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An Address of Bolívar at the Congress of Angostura

Bolívar, Simón

Simon Bolívar, An Address of Bolivar at the Congress of Angostura (February 15, 1819), Reprint ordered by the government of the United States of Venezuela, to commemorate the centennial of the opening of the Congress; translated from the original Spanish by Francisco Javier Yánes (Washington, DC: Press of B. S. Adams, 1919).

Simón Bolívar (1783 – 1830) was born a creole (a white man born in the colonies) and a member of the wealthy Venezuelan planter class. Bolívar became a leading figure in the movement for the independence of the Spanish colonies in Latin America; he was not just a soldier or “El Libertador” of new nations (Venezuela, Bolivia, Colombia, Ecuador, Peru, and Panama) but also a prominent political thinker who drafted constitutions and orders and wrote about many social issues. Bolívar made this address (speech) at the Congress of Angostura (today Ciudad Bolívar, Venezuela) during the wars of independence of Colombia and Venezuela. He uses many metaphors and flowery language rather than getting right to the point. What Enlightenment ideas does Bolívar use in this excerpt? What should be the “bases” of a republican government?



bequeaths: gives as an inheritance

relics: remains of a dead body, figuratively, remains of a dead system

obliterate: wipe out

contagion: infectious disease

despotism: rule by a tyrant, in this case, Spain

proscription: prohibition by law

traverse: cross

eloquent: well written or spoken

inundating: flooding


profusion: great amount


 In the opening speech of the Congress he had summoned to Angostura on February 15, 1819, Bolívar laid the foundations for the establishment of a democratically governed autonomous republic. The Enlightenment ideas (and bases of republican government) are sovereignty of the people, division of powers, civil liberty, and the abolition of slavery, monarchy, and privileged classes. Bolívar’s dream was for the liberated countries to form a Latin American confederation called Gran Columbia, but prolonged war and social conflict led to the creation of smaller countries with local identities.

The most perfect system of government is the one that produces the greatest possible happiness, the highest level of social security, and the greatest degree of political stability. Based on the laws enacted by the first congress, we have the right to expect that happiness will be the legacy Venezuela bequeaths her citizens. … The relics of Spanish domination will be with us for many years before we manage to obliterate them: The contagion of despotism pervades our atmosphere, and neither the flames of war nor the details of our wholesome laws have succeeded in purifying the air we breathe. Our hands are now free, but our hearts still suffer the pangs of servitude. Man, said Homer, when he loses his freedom, loses half his spirit.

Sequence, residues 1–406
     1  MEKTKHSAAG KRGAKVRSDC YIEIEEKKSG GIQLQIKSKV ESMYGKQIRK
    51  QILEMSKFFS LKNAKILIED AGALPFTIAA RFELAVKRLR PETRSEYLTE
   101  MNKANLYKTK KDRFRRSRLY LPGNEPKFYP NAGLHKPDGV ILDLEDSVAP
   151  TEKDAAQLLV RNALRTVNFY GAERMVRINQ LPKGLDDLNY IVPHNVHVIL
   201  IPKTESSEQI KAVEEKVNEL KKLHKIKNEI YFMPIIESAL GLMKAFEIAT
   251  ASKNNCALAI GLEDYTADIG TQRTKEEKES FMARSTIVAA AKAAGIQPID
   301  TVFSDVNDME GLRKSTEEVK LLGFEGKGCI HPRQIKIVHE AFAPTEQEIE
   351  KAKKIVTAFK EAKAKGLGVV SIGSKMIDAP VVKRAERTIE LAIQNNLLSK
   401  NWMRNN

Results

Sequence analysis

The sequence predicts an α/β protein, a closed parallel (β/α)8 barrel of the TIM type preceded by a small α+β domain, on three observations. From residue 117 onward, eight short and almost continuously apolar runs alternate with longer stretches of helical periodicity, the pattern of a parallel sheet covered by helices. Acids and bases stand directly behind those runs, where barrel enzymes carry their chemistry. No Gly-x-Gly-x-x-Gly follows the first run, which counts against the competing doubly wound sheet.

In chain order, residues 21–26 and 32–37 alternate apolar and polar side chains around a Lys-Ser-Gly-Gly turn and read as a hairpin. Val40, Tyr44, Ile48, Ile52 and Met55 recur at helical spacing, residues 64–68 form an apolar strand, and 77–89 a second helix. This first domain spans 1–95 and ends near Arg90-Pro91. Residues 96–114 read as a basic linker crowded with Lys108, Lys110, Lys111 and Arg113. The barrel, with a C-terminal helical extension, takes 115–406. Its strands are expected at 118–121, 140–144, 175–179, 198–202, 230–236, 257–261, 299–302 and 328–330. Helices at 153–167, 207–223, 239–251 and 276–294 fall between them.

A republican government has always been, still is, and must ever be Venezuela’s choice. Its bases must be the sovereignty of the people, the division of powers, civil liberty, the proscription against slavery, the abolition of monarchy and privileged classes. There is no other way to say it: We need equality in order to reconstitute the race of men, political opinions, and public customs. Then, casting our gaze out over the vast terrain still left for us to traverse, let us fix our attention on the dangers we must avoid. …
Passing from ancient to modern times, we find England and France arousing the admiration of all nations and offering eloquent lessons on every aspect of government. The accomplishment of these two great peoples shines forth like a radiant meteor, inundating the world with such a profusion of political lights that today every thinking person understands the difference between man’s rights and man’s responsibilities and what it is that constitutes the virtues and vices of governments.